At that point we had to decide if we would saw thin planks for violin and viola or thicker ones for cello and double bass. In general, the violin bow requires wood with the straightest grain and the highest elasticity. A violin bow is about half the diameter of a bass bow. If the grain is not quite straight, the quality of the thinner stick suffers more; a thicker stick can tolerate greater irregularities.
Elasticity and Density, or Lucchis and Fishes
Good bows need an appropriate degree of springiness or elasticity. There is a way of measuring elasticity: Sound waves propagate faster through elastic materials than inelastic ones. Using this principle, we were able to evaluate the elasticity of our Pernambuco with a “Lucchi Meter”. This small machine sends ultrasound waves through a plank and measures the time it needs to travel from one end to the other. Dividing the length of the plank by the elapsed time we obtained the Lucchi coefficient or score for each piece, which I like to call their “Lucchis”.
We should not believe too much in numbers, but they do give an indication. In my experience, wood with high Lucchis are good for violin bows; wood with lower readings may make very good cello or bass bows.
We evaluated all of the beams and then we decided which beams would become thin planks for violin and viola or thicker ones for cello and bass. It took us a week of sawing.
As that was done, the one thing remaining was to measure the density of the planks.
Density is one of the main factors that influence the sound quality of a bow. I once asked William Salchow, my teacher, what to do with lightweight wood. “Throw it away!”, was his distinctive answer. That may seem radical, but most bowmakers prefer dense wood.
There is a very simple way to measure density. We needed only a bucket of water and a good handsaw. We cut little pieces off the planks and threw them in the bucket. If our piece sank it was good, if it swam it was bad. Observing how fast our pieces sank; we could estimate their density (specific gravity between 1,0 and 1,2).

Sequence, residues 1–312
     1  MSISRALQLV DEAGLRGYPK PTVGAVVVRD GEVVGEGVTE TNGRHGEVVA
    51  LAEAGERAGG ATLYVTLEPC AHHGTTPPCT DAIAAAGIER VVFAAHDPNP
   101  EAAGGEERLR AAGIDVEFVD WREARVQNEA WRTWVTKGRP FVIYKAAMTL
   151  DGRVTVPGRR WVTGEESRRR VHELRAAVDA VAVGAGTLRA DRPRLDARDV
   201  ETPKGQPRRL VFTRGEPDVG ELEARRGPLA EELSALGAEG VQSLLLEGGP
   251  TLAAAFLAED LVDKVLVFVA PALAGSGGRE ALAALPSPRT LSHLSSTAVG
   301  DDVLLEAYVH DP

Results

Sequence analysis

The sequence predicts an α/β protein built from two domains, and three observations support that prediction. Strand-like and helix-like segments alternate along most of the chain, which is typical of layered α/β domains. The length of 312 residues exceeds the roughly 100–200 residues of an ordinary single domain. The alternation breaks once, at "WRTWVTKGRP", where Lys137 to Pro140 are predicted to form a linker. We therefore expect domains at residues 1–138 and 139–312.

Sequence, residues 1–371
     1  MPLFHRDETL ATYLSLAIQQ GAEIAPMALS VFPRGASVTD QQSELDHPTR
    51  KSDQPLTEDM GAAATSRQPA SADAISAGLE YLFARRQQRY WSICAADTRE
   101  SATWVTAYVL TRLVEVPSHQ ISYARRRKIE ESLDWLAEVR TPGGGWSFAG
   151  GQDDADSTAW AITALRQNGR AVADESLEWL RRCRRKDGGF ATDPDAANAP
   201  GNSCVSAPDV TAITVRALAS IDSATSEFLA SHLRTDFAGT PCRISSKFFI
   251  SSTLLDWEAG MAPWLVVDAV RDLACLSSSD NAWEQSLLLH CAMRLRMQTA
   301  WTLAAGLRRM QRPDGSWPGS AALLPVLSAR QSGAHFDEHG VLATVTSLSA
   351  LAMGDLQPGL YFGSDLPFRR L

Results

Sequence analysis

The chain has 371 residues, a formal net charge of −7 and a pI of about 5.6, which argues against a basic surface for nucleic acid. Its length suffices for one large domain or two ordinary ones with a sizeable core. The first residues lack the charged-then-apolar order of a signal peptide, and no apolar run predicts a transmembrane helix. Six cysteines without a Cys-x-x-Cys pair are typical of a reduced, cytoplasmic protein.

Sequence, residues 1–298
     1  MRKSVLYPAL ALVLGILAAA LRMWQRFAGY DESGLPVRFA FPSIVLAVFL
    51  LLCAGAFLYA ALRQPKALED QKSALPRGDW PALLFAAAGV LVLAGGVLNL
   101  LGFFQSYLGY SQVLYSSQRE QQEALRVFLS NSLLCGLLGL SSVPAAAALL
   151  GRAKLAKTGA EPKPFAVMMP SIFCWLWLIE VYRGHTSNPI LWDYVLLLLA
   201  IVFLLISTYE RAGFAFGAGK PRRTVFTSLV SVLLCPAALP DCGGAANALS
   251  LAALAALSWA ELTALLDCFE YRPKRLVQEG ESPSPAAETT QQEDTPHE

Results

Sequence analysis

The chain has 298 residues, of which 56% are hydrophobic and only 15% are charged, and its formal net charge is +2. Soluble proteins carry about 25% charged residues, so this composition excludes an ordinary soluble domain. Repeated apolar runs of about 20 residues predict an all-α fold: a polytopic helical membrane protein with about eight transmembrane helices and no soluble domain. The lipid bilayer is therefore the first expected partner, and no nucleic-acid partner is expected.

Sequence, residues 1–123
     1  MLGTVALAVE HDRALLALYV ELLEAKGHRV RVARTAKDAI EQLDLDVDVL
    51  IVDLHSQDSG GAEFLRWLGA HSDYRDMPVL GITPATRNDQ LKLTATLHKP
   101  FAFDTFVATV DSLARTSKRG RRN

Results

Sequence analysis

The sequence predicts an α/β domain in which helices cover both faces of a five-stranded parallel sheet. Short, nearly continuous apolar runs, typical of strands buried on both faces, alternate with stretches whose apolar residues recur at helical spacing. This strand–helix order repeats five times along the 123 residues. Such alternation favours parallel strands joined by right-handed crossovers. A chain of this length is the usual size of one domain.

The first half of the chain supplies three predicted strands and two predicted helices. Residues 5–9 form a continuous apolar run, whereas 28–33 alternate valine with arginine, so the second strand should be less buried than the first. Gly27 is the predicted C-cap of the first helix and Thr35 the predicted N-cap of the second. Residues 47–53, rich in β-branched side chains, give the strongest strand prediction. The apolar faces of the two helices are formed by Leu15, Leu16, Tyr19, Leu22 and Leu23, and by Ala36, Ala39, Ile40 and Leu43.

But we divided them only between “fishes” and “boats”.
Finally, we could divide our planks by density, Lucchi score and intended use (violin/viola or cello/bass). So it came to 24 piles, as we had 4 measures of Lucchis: very good, good, okay and bad. All of them were divided again between “fishes” and “boats”.
About a third of the wood were “fishes”. I think that is quite a normal rate if you buy a big amount of Pernambuco, maybe the rate was even rather good.
The Lucchis divide the wood into a pyramid, most of it has low readings and only a very few have very high scores. Of the very high scores only a third were “fishes”.
That was obviously the wood all of us wanted the most and it was the smallest pile of planks. But we divided each pile in three portions, one portion for each partner.
How many sticks per ton of wood
After that I gave my planks a year of rest. Then I sawed them into sticks. That was another week of heavy work. In the end I had about 300 sticks, same as the other two partners
From my 300 sticks I really liked only about 100 pieces. The others were partly usable, but I wouldn’t have bought them for myself.
A violin or viola stick weighs about 100 grams, so they weigh something like 10 kilos all together.
From the initial 333 kilos, which was my third, there were only 10 kilos of wood I really wanted to use. The other 320 kilos are crap. That is only 3,3% of the initial weight of wood!
I find that pretty sad. If the Pernambuco trees were cut by people who knew the needs of bowmakers, I think the proportion of decent sticks in a pile of beams could go up considerably.